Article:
Heart muscle is activated by ionized calcium, with the signaling pathway utilising allosteric mechanisms in the thin filament. Knowledge about the structure-function relationship among proteins in this filament is critical in understanding the physiology and pathology of the cardiac function and disease; however it remains obscure. Now, researchers at UT Southwestern have identified a previously unknown protein, which they have named DWORF, in human heart cells that plays a key role in heart muscle contraction. The team state their findings offer a potential new target for developing therapeutics to boost the strength of cardiac muscle contractions in patients with heart failure, a chronic condition in which the heart pumps too weakly to supply adequate oxygen to the body.
Previous studies show that a class of RNA transcripts has been dismissed as non-coding RNA, sometimes colloquially called ‘junk’ RNA. Emerging evidence, however, indicates that many small proteins with bioactive properties are hidden among these regions of the genome that are thought to be non-coding and, due to their small size, have evaded detection by scientists. The current study shows that the new protein, DWORF, is made from an RNA that was previously believed to be non-coding RNA, suggesting there may be many other small ‘non-coding’ segments that play important biological roles.
The current study shows that DWORF comprises just 34 amino acids, making it the third smallest protein known to be encoded in the mouse genome; by comparison, an average-sized protein is 10 times larger, including about 350 amino acids. Results show that DWORF is also encoded in the human genome.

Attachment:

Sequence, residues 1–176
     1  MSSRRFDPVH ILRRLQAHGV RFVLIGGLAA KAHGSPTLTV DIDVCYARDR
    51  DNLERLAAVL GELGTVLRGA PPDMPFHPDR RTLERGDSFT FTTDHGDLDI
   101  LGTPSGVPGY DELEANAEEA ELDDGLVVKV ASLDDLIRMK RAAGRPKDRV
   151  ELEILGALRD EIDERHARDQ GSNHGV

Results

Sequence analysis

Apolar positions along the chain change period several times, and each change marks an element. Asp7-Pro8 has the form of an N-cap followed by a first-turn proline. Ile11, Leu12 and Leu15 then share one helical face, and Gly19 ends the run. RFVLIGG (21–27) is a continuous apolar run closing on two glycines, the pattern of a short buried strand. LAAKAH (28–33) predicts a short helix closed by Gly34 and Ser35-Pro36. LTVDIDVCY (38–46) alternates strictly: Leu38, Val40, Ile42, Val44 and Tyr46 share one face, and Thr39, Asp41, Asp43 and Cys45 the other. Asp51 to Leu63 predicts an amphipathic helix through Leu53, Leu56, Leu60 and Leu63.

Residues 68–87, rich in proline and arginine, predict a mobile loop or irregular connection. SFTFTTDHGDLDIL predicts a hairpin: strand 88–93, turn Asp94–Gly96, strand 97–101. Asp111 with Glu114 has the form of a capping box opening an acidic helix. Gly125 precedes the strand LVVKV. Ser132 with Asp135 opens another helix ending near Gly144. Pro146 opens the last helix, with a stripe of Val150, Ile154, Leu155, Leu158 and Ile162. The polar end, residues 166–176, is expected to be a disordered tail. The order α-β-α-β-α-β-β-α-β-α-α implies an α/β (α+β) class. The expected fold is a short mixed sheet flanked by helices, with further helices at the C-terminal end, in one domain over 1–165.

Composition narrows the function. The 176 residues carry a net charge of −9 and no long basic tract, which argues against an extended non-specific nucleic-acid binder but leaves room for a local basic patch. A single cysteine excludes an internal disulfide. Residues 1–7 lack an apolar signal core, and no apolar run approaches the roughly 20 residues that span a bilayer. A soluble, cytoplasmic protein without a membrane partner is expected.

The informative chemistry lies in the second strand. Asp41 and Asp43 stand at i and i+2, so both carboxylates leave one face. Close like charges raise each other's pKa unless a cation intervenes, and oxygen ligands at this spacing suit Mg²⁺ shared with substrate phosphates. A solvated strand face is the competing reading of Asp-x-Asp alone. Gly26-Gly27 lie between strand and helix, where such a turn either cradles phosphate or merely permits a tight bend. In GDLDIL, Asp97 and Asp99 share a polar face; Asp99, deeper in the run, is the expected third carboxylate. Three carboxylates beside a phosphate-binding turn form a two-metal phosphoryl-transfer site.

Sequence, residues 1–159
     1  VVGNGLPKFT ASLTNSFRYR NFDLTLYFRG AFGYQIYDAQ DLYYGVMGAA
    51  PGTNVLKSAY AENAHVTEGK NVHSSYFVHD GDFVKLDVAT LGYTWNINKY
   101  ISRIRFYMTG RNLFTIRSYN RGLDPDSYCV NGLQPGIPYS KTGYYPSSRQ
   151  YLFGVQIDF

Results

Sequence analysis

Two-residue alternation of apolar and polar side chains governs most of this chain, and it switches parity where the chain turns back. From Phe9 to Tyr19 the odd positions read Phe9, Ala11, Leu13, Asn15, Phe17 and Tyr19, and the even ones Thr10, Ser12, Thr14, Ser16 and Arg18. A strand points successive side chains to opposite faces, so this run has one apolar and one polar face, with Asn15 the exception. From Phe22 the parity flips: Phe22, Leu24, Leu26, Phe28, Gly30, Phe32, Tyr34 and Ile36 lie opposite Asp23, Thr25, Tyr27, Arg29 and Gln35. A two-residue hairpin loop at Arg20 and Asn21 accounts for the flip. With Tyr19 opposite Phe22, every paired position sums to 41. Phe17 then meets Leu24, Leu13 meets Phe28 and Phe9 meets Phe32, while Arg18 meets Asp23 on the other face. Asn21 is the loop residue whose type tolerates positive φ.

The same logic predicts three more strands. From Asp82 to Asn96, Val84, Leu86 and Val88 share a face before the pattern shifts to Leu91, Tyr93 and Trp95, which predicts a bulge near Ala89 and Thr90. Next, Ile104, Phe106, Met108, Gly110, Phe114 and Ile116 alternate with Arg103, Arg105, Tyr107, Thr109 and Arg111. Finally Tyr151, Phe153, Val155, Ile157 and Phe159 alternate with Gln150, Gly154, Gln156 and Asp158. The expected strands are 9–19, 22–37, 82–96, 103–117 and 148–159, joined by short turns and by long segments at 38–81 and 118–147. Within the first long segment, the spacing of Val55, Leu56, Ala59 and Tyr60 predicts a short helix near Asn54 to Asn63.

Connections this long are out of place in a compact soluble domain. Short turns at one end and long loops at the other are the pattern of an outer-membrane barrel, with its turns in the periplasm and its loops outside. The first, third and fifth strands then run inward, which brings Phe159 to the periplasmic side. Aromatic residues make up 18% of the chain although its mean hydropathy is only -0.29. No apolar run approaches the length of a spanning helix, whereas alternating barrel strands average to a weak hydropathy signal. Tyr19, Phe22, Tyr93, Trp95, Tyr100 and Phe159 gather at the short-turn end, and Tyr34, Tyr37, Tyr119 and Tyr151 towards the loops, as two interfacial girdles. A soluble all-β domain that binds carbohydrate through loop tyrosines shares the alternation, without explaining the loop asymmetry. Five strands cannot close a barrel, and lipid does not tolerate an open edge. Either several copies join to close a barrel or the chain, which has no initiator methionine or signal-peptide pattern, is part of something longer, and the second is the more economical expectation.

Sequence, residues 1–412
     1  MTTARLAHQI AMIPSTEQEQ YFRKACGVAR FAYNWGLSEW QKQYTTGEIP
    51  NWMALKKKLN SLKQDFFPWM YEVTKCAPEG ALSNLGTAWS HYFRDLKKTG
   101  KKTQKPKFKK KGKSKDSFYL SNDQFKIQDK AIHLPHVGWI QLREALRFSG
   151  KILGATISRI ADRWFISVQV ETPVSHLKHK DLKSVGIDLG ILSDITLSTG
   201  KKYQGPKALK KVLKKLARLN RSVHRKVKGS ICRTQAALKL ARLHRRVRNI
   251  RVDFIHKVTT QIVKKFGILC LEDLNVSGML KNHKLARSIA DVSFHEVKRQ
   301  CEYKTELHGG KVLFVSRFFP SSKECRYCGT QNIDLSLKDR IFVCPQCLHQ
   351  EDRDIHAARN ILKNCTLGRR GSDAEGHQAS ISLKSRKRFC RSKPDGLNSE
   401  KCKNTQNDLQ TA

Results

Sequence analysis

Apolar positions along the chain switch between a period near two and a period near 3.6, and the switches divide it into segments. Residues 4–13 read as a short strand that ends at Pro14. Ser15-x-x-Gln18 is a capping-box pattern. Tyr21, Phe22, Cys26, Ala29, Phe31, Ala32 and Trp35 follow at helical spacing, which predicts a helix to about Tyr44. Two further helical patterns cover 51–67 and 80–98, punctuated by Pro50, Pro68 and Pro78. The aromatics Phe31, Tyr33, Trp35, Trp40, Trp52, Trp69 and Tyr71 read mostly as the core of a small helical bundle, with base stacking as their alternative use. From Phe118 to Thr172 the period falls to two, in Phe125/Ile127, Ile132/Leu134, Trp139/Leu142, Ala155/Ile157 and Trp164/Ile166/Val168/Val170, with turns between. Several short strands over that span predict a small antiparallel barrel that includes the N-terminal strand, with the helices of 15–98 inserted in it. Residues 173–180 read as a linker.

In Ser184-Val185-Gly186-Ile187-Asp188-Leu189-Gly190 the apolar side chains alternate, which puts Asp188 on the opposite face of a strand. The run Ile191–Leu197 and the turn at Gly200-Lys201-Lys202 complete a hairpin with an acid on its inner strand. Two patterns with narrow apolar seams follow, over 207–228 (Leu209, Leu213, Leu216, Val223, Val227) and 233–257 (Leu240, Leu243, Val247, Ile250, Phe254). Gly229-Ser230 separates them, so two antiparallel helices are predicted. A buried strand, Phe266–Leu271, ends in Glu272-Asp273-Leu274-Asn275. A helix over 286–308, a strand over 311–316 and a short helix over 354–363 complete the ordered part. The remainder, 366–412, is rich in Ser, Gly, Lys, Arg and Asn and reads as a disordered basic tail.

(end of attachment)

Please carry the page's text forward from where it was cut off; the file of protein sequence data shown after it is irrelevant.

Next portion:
Data findings show that the DWORF protein stimulates a calcium-ion pump that controls muscle contraction. Results show that as DWORF increases, the heart pumps with more force. The lab state that there’s a brake in the heart that controls pumping, and DWORF shuts off the brake, which has the effect of making heart muscle pump more vigorously. The group also identified DWORF in some skeletal muscle, namely slow-twitch skeletal muscle fibers, the type of muscle fiber that allows a person to run marathons.
The team surmise their data shows that although small and non-enzymatic themselves, peptides such as DWORF have the ability to regulate the function of much larger molecular complexes, analogous to the way that a tiny rudder determines the direction of a much larger ship. For the future, the researchers state that elucidating the full catalog of small proteins like DWORF could provide significant new insight into how the molecular machinery of the cell is regulated.
Source: UT Southwestern Medical Center
Michelle is a health industry veteran who taught and worked in the field before training as a science journalist.
Featured by numerous prestigious brands and publishers, she specializes in clinical trial innovation--expertise she gained while working in multiple positions within the private sector, the NHS, and Oxford University.